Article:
In our second round of What Happened To... Ill be digging deeply
into the hit-and-miss world of sci fi MMOGs. What is it about this
futuristic genre that causes projects to drag an anchor labeled DOUBT
behind them wherever they go? Are we really so wrapped up in
Tolkein-esque imagery that we cant bear to part with it? Or are we
just too cynical about our own futures to buy into fantastic scenarios
of robot uprisings, alternative timelines and laser-spewing fighter
Thats probably a question best left to another article. For now, let
us look back at the victims of these tendencies, and mourn their loss
of these technology-imbued landscapes from days gone by.
When talking about forgotten titles that failed to live up to their
potential, there is perhaps no better example than Monolith
Matrix Online. Even before its 2005 launch, the game
suffered from development speed bumps, including href="http://www.gamespot.com/pc/rpg/matrixonline/news.html?sid=6090026"
target="_top">Ubisoft backing out of a co-publishing deal
in 2004. This setback, coupled with a launch that was delayed by almost
6 months, cast many doubts about the future of MxO before it was
available on retail shelves.
This project was truly epic in scope, having the official backing and
support of Warner Bros. Studios, voiceovers from the movies cast, as
well as storylines written and/or approved by the Wachowski brothers
themselves. MxO was intended to be a true living sequel to the movie
trilogy, and would endeavor to live up to the epic nature of the
franchise by incorporating live events hosted by staff members at
Monolith, dubbed the href="http://www.mxoarchive.net/archives/dn1/thematrixonline.warnerbros.com/web/live/community/community_news_display7bdb.html?id=042105_aethernetuplink"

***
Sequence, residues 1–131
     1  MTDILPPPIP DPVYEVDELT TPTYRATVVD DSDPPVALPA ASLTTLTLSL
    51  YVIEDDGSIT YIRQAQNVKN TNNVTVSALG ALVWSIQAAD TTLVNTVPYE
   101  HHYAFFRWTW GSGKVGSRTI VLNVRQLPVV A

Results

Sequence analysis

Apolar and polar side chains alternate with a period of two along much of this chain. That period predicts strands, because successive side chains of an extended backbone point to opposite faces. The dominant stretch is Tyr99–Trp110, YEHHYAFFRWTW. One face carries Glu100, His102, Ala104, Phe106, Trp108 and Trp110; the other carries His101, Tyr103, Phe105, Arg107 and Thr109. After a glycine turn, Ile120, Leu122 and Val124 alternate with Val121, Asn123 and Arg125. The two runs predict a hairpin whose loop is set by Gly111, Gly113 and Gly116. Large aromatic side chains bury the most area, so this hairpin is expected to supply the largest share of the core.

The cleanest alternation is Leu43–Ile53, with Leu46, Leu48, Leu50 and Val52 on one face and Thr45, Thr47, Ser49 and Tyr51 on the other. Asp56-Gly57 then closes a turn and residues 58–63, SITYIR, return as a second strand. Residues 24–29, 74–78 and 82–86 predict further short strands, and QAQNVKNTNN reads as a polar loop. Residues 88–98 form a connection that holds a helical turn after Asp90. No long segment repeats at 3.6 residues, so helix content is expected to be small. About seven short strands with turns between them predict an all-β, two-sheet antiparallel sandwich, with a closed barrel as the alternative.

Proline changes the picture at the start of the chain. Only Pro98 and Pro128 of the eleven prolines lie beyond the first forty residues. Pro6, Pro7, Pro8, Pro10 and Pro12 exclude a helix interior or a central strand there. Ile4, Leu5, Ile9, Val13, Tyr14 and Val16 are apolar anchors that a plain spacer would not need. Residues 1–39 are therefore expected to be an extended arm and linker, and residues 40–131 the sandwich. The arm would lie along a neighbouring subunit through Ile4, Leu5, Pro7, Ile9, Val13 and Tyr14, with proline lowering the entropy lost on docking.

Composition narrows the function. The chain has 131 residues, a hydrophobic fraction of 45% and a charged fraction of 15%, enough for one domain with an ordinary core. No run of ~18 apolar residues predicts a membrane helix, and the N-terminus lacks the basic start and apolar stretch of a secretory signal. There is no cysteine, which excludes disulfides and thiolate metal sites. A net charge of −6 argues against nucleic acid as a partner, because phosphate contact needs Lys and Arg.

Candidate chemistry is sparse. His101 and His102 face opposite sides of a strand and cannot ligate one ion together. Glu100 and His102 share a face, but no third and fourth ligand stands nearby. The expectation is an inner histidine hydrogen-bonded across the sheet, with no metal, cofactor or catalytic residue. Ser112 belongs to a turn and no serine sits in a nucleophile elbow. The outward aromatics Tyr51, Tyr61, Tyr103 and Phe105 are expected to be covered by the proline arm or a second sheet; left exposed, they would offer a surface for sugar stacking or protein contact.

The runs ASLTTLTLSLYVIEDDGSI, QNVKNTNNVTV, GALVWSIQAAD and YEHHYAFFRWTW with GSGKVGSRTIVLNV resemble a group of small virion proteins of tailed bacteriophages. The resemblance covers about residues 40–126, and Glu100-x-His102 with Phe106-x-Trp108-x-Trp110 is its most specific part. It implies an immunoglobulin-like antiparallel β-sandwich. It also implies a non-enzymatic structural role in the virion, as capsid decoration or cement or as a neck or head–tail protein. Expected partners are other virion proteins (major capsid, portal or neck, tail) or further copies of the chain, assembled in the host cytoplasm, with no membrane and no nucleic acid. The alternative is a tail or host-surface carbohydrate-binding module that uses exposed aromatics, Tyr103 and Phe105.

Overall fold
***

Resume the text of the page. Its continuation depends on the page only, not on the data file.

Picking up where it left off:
target="_top">Live Event Special Interest Group
The end-of-beta event was the first large-scale example of this event
system, bringing in thousands of players to do battle against more than
100 developers and volunteers playing as The Agents in all-out battle
royale. This could have been the beginning of a landmark in MMOG
alt="mxo box art"
Launch day came and went, with the usual hiccups that were common in
the MMOG industry of the time - server outages, lag, etc. Its unlikely
that these directly impacted MxOs success (or lack thereof) more than
they do any MMOG. However, retail sales were impacted by a saturated
market (EverQuest 2,
and World of Warcraft
all released less than 6 months prior to MxO), and subscription rates
after the first month continued to show a trend that failed to meet
Monolith and Warner Bros. expectations. Though no official reasons
were given, these lackluster sales are frequently referenced as the
primary motivation behind the sale of the game to Sony Online
Entertainment just four months after its official release.
Shortly after taking over management of the title, SOE made the
decision to replace the paid LESIG team with a volunteer force that
would lead future events. They also chose to begin focusing development
on a complete overhaul of the existing combat system, rather than
fixing many of the smaller glitches and inconsistencies already present
in the game. Both of these decisions were unpopular with players, and
resulted in a continued decline in subscriptions.
And that is more or less where this tale of woe concludes. MxO actually
managed to eke out an existence for more than 4 years before being shut
down by SOE in 2009 due to low subscription rates. Even including MxO
in SOEs Station Pass subscription plan did not afford it enough
support to allow continued operation.
Players still actively participating in the world of MxO were further
insulted when, as part of a poorly planned shutdown event, several
area-effect graphical abilities caused more than half of the players
present at the event to crash out of the game. Those who managed to
stay online suffered single-digit frame rates for the final hours of
the event until the server itself crashed several hours prior to the
scheduled termination time and never came back online.
the role that the mighty Roman Empire had in shaping our modern world.
From art and architecture, to literature and philosophy, their
influence has spread to every facet of humanity even thousands of years
after their downfall. But what if Rome had never fallen? That is the